You can’t just take ESA funding in Nevada and start spending it on homeschooling, either, not without registering and qualifying first. Homeschooling parents have to apply and be approved by the state as a “Participating Entity” in order to continue to teach their own children. For time immemorial parents have been assumed to be qualified to teach their children. But not if you take government funds.

Remember that funds can only be spent on certain items. Expenditures are subject to a yearly audit in Nevada. What’s a five letter word that everyone dreads? Audit.

With government funds will come an increased burden in paperwork, reporting requirements, and regulation…and it will all increase regularly. There will be quarterly reporting requirements, individual account audits, and verification checks before a purchase can be completed.[4]

Homeschooling parents might have an urgent, unforeseen reason to need to put a child back in public school. Parents who take ESA funds in Arizona also sign an agreement to release the school district from all obligations to educate the student.[5] Besides what has been discussed regarding the cost of education a special needs child, there are many other concerns in this area. What if a parent takes ESA funds, then decides that homeschooling is not working for them? Or what if a parent contracts a serious illness and can no longer homeschool? What if a parent dies? What if there is a divorce and the parents cannot agree on schooling? What would the parent do with the student for the rest of the school year when there is no option to place the child in public school?

Nevada’s ESA program has been tied in up lawsuits for about a year, and recently the Nevada Supreme Court ruled that the ESA program must find an alternate funding source.[6] Consequently, families have already been waiting for close to a year to be able to actually use ESA funds, and they will continue to wait until the Nevada legislature can obtain alternate funding.[7] There have been many lawsuits over ESA programs, so there could be many issues like this that come up as states adopt ESA funds. What will happen to students who are caught in the middle, with parents having taken and perhaps used a portion of the funds, then being unable to return children to public school?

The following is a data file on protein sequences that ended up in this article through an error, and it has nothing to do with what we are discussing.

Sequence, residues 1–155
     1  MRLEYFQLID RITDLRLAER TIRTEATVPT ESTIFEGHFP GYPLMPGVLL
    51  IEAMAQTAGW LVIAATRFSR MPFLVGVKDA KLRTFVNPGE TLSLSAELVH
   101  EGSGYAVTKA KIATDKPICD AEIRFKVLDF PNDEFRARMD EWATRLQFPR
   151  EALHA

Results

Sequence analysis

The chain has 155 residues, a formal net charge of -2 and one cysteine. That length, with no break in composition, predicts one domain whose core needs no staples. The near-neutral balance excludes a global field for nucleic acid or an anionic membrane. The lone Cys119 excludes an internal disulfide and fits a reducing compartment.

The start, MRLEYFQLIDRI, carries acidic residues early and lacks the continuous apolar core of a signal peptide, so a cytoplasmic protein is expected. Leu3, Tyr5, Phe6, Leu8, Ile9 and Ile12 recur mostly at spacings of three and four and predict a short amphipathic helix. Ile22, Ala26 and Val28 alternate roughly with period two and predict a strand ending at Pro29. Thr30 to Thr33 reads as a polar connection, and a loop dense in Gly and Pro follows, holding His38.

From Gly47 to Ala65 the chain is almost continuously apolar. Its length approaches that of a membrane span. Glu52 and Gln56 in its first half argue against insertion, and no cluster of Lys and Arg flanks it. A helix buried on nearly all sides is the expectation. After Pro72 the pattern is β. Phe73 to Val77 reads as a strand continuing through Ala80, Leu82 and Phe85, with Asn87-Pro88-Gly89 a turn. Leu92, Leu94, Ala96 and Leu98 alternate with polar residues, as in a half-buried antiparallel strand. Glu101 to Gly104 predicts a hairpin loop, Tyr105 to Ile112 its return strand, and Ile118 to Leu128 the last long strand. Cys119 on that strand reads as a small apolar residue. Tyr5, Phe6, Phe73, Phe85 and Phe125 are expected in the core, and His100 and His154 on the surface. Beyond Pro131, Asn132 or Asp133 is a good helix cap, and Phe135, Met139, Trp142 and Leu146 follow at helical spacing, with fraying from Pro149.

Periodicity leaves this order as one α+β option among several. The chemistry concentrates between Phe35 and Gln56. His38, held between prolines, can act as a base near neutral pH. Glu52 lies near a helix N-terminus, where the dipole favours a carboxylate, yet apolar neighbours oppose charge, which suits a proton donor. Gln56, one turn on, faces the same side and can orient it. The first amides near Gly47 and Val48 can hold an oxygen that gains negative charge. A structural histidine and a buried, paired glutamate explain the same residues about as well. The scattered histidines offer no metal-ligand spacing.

Students who take an ESA may end up ineligible for future scholarships. Parents who take ESA funds in Arizona sign an agreement to not accept a scholarship under any of Arizona’s tax-credit scholarship programs.[8]

If you take ESA funds, you might not be able to continue to buy religious curriculum such as Sonlight or My Father’s World. Sonlight has already created Bookshark, a very similar curriculum that is basically the same as Sonlight, but without most of the religious study. This has allowed Sonlight to be able to offer an option to families who may have government-imposed restrictions on what they can purchase for homeschooling. This leads us in to the next lie…

[1] Fernanda Santos and Motoko Rich, “With Vouchers, States Shift Aid for Schools to Families,”New York Times, March 27, 2013, http://www.nytimes.com/2013/03/28/education/states-shifting-aid-for-schools-to-the-families.html. (Emphasis added).

[2] http://www.reviewjournal.com/news/education/private-school-parents-decry-education-savings-account-rule

[3] It would also be disruptive to the education of both public and private school students, by the way, as parents pull their children from private school and put them in public just for the 100 days in order to get ESA funds. The private school would have underestimated yearly enrollment, and the public school would have overestimated yearly enrollment. The public school cannot quickly shed the extra cost that was incurred when planning for all those students. The students themselves are disrupted because of a school change mid-year.

[4] https://www.edchoice.org/blog/new-study-shows-how-arizona-parents-spend-education-savings-accounts/

[5] https://www.edchoice.org/school-choice/programs/arizona-empowerment-scholarship-accounts/

[6] https://www.edchoice.org/blog/nevada-esa-litigation-need-know/

[7] Id.

[8] https://www.edchoice.org/school-choice/programs/arizona-empowerment-scholarship-accounts/

Lisa Yankey is a happy homeschooling mom of three, but she never expected to homeschool. Teaching runs in her blood – she is a former public school teacher, and her mother, father, and brother are all former public school teachers. During her childhood and as a teacher herself, she recognized many issues in public school. She went to law school at night in a long-term plan to help improve public schools. She used to believe that every child could receive a good and appropriate education from public school. She realized the error of this belief when she watched her own child suffering in public school. She began homeschooling shortly after her oldest child had a disastrous start to public school first grade, and she has never looked back.

She kept her career as a part-time attorney and works for herself as a sole practitioner, with a practice area in immigration law. She is known particularly for her representation of victims of domestic abuse. She continues teaching adults as a speaker on immigration law at continuing legal education events for fellow lawyers. Lisa resides in Noblesville, Indiana (Hamilton County). with her husband, three children, two dogs, and a cat.